We all enjoy challenges that are in our Zone of Proximal Development. In fact, they can engage and motivate us. I observe this daily in my students when they make faces about tough math problems or reading passages – yet beg for more after they’ve succeeded. It’s why activities like Breakout EDU and the Wonder League Robotics Competition missions are so popular. These problems are novel and require deliberate thought, but are achievable with hard work.
Many of us struggle with how to motivate our children and/or students. Rewards seem like bribes, and punishment causes resentment – which is never productive. We want our young people to develop intrinsic motivation instead of becoming eternally dependent on a carrot or a stick. That ZPD contains the secret. Find that activity that makes them think a little harder, but is within their reach, and their eventual success will make them hunger for the next challenge instead of dreading or avoiding it.
By the way, it has been two days since the first random, accidental text. So far, my daughter has not forgotten to text me and even, much to her delight, was able to solve one of my puzzles without any help from Google. Of course, you don’t have to think of your own puzzles like this. Tribond is a game with the same purpose, and there are plenty of resources on the internet that are similar. If you want something a bit harder, check out “Kennections” by Ken Jennings.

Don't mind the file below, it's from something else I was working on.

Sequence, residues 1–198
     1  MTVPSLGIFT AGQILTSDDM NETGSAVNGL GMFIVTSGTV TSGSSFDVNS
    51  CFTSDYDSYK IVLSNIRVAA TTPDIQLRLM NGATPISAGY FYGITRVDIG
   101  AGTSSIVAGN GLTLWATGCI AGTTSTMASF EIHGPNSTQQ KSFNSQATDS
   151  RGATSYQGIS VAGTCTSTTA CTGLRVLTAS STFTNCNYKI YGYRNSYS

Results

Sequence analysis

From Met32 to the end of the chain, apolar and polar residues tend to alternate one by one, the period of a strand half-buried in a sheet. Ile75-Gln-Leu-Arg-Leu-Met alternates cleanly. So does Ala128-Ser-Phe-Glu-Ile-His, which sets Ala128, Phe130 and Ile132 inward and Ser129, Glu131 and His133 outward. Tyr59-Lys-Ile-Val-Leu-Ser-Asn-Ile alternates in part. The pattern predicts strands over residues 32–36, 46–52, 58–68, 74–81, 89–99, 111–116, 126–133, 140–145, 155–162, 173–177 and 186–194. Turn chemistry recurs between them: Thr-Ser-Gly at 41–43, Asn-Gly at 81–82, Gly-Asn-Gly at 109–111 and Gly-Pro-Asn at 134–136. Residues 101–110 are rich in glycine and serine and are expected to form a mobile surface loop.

“The Making of the Maker” is an article in Parentage magazine by Sarah Virginia White. White interviewed 10 young people about the things they make, what inspires them, and how their parents help them. My favorite quote is from 8-year-old Annabelle Armstrong-Temple, “The secret sauce is time and space to let kids get creative: a lot of boredism.”
“Boredism” is officially my new favorite word.
My 3rd grade GT students and I were discussing why it gets harder and harder to think creatively as we get older, and how school tends to exercise the part of the brain that looks for one right answer. One of the students suggested that, to balance out the different types of thinking, “we should go home from school and brainstorm the restof the day!”
I think my student and Annabelle Armstrong-Temple should lead the world.
But that probably wouldn’t work because they would be too over-scheduled to ever have the chance to think creatively again.
The moral of this story is to let kids make.
And to stop letting grownups ruin everything.
Read White’s article and you will find more advice on how to make your very own Annabelle Armstrong-Temple.
For many families, the second week of Winter Break is when boredom kicks in. New gifts and games have lost their luster. No one wants to return to school or work – but lack of structure is beginning to feel less like freedom and more of a chore as everyone tries to find ways to fill up endless hours of do-nothingness.
If the above paragraph describes you, here are some suggestions for making the next week less daunting